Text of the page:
• Must pass an ordinance which authorizes the type of facility you wish to open;

• May limit the number of each type of facility within the municipality’s boundaries;

• Any other ordinances relating to marihuana facilities;

• May adopt zoning regulations relating to facilities within its jurisdiction;

• The municipality must receive notice from you that you have applied for any one of the five licenses;

• May establish an annual fee to be paid by you; the fee can be as much as $5,000;

• Must approve your request to have your license transferred, sold or purchased. Q:

Will provisioning centers be held accountable for educating patients who buy from their store? Answer: The Michigan

Dept. of Licensing and

Regulatory Affairs, through the Michigan

Medical Facilities

Licensing Act (MMFLA) and emergency administrative rules, does not impose any requirements related to patient education.

Local ordinances may require a provisioning center to provide patient education.

Q: Can someone hold a CPL license and a medical marijuana facility license? Answer: There are no restrictions in the

MMFLA that prevent a CPL holder from obtaining a medical marihuana facility license.

Q: Can a medical marijuana transporter deliver product anywhere in the state or just within the city where it has its license? Answer: A secure transporter may travel through any municipality to transport marijuana based product.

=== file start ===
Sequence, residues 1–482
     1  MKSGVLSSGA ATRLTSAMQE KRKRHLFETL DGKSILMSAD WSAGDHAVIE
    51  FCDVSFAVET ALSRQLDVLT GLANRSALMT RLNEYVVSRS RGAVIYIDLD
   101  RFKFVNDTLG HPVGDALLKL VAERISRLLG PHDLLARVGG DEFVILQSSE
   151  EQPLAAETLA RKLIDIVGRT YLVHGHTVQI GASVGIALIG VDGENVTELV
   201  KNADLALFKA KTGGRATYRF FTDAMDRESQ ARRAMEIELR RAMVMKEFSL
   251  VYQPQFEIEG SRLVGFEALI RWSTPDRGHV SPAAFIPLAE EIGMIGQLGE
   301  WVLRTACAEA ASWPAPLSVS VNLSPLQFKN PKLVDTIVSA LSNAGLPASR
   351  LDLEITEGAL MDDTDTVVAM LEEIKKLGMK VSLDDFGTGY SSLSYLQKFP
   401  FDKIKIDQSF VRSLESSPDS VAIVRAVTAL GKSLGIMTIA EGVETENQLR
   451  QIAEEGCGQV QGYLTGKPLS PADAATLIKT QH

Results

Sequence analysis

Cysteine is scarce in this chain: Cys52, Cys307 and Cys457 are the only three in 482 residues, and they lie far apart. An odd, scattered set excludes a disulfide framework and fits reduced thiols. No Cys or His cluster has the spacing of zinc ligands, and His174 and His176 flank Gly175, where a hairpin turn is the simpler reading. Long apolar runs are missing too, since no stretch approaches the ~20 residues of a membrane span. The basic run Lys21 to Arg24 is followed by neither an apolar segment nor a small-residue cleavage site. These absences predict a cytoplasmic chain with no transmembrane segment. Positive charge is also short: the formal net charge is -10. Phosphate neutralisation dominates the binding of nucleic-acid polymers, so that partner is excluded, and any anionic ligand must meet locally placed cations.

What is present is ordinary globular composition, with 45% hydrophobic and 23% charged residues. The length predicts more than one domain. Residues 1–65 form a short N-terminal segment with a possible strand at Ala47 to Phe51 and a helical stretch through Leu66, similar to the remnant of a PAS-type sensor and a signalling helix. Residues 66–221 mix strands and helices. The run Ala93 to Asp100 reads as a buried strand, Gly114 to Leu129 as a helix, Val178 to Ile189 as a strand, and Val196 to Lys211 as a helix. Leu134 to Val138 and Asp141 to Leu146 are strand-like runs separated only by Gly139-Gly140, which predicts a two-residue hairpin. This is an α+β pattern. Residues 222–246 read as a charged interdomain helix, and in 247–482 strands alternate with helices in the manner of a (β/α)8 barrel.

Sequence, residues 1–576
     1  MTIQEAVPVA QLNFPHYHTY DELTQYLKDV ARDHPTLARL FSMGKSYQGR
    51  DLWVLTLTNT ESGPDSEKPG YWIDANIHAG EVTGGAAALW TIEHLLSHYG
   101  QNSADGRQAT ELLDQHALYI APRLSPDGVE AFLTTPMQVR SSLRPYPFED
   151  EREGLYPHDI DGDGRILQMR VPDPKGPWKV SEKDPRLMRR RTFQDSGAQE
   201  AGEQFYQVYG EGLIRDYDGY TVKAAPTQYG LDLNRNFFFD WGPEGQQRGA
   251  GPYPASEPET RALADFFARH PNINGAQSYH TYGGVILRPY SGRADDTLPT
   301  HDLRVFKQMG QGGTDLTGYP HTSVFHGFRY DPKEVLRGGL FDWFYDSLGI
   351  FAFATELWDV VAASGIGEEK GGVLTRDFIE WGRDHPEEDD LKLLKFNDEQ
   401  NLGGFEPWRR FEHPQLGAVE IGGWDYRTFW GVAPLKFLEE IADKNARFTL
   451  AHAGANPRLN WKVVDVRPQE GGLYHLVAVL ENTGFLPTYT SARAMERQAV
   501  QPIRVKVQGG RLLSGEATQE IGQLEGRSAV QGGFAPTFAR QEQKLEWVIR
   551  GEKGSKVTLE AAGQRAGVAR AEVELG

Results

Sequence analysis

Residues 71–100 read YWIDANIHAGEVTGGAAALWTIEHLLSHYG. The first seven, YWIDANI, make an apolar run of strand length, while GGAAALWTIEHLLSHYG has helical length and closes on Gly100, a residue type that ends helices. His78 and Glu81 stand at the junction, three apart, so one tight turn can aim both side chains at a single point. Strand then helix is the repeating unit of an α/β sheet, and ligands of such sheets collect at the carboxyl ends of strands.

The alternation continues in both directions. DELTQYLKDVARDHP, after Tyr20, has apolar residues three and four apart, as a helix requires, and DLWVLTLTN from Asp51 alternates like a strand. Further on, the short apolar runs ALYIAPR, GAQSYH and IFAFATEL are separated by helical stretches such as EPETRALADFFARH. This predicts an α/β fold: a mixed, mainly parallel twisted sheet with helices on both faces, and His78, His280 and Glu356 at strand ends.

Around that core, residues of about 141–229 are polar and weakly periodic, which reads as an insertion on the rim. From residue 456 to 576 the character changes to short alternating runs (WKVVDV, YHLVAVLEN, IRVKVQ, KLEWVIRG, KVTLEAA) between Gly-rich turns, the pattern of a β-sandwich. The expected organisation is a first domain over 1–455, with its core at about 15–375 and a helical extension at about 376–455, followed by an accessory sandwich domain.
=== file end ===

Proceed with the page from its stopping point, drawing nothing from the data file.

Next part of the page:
Q: What are qualifying conditions for medical marijuana cards in Michigan?

Answer: According to NORML.org, the following:

• Alzheimer’s disease

• Amyotrophic Lateral Sclerosis

• Cachexia or wasting syndrome

• Cancer

• Chronic pain

• Crohn’s disease

• Glaucoma


• Hepatitis C

• Nail patella

• Nausea

• Post-traumatic stress disorder (PTSD)

• Seizures

• Severe and persistent muscle spasms

Q: How can I find a medical marijuana dispensary?

Answer: The website weedmaps.com features a map of local dispensaries based on your location. (It also includes locations where a medical marijuana prescription might be obtained.)

Q: What do medical marijuana dispensaries look like?

Answer: Forget Rastafarian flags or Bob Marley shrines. Reports from places where facilities are already operating around the country indicate that most dispensaries feature contemporary designs — similar in size and look of a nice coffee shop. Glass display cases typically allow customers to view various marijuana strains available for sale. Other products, such as edibles, also are likely to be on display.

Q: Are there different kinds of medical marijuana? Answer: Yes. Be sure to talk to those who work in dispensaries for the most accurate information. Generally, however, there are two basic types of cannabis: sativa (a more upbeat, cerebral sensation) and indica, which is used more as a pain killer, or for those seeking a sedative effect. There are also hybrids that combine different types of sativa and indica for those seeking different types of treatment.

(Sources: Michigan Dept. of Licensing and Regulatory Affairs; CheatSheet. com; LifeHacker.com; Weedmaps.com; norml. org/legal/item/michigan medical-marijuana